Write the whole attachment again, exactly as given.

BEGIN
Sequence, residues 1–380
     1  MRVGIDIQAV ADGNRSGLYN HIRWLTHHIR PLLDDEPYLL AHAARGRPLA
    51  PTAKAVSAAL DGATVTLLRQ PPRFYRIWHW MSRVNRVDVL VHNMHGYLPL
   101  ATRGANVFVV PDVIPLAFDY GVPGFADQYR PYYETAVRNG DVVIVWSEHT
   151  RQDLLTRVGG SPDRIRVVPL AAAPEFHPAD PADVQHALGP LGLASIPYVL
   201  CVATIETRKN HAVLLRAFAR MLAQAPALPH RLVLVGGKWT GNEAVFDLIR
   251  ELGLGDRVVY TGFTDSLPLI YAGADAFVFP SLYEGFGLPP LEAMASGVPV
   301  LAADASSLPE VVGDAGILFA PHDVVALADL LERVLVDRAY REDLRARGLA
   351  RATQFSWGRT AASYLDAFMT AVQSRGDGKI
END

Sequence, residues 1–380
     1  MRVGIDIQAV ADGNRSGLYN HIRWLTHHIR PLLDDEPYLL AHAARGRPLA
    51  PTAKAVSAAL DGATVTLLRQ PPRFYRIWHW MSRVNRVDVL VHNMHGYLPL
   101  ATRGANVFVV PDVIPLAFDY GVPGFADQYR PYYETAVRNG DVVIVWSEHT
   151  RQDLLTRVGG SPDRIRVVPL AAAPEFHPAD PADVQHALGP LGLASIPYVL
   201  CVATIETRKN HAVLLRAFAR MLAQAPALPH RLVLVGGKWT GNEAVFDLIR
   251  ELGLGDRVVY TGFTDSLPLI YAGADAFVFP SLYEGFGLPP LEAMASGVPV
   301  LAADASSLPE VVGDAGILFA PHDVVALADL LERVLVDRAY REDLRARGLA
   351  RATQFSWGRT AASYLDAFMT AVQSRGDGKI